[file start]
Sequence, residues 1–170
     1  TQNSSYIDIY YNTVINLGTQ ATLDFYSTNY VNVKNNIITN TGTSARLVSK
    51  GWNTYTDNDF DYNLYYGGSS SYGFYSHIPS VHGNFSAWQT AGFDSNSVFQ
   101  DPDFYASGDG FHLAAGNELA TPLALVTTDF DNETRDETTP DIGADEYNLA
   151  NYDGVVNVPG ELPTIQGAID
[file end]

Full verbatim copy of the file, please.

Sequence, residues 1–170
     1  TQNSSYIDIY YNTVINLGTQ ATLDFYSTNY VNVKNNIITN TGTSARLVSK
    51  GWNTYTDNDF DYNLYYGGSS SYGFYSHIPS VHGNFSAWQT AGFDSNSVFQ
   101  DPDFYASGDG FHLAAGNELA TPLALVTTDF DNETRDETTP DIGADEYNLA
   151  NYDGVVNVPG ELPTIQGAID